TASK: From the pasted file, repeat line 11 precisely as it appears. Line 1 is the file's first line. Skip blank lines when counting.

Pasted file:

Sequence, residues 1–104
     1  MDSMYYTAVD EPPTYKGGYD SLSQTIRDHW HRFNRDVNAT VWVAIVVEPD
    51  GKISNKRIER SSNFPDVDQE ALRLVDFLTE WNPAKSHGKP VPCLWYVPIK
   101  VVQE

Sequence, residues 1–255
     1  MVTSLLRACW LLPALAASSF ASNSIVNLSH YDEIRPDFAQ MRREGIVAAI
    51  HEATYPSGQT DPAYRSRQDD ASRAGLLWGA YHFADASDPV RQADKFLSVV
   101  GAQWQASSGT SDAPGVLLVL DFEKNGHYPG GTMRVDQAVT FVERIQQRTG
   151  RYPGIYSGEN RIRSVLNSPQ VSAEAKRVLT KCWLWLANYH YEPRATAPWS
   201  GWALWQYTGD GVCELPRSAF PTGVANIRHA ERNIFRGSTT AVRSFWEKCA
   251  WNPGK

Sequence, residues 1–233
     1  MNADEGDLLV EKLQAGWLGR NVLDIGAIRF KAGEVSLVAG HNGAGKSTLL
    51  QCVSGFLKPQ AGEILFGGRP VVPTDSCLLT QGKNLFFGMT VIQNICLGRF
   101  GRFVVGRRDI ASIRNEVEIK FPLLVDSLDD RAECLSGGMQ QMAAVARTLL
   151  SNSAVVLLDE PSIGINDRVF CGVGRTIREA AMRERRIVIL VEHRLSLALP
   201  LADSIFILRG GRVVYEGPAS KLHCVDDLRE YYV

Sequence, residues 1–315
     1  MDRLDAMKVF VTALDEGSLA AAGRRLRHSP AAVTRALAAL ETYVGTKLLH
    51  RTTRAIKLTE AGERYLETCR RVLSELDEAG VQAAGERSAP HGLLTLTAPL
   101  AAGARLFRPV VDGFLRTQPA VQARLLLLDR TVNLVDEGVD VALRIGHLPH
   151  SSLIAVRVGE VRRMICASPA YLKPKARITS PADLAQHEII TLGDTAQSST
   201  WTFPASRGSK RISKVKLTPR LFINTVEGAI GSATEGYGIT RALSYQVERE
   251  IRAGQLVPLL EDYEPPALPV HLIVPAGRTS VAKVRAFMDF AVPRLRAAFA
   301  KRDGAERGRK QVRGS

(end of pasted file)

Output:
   251  WNPGK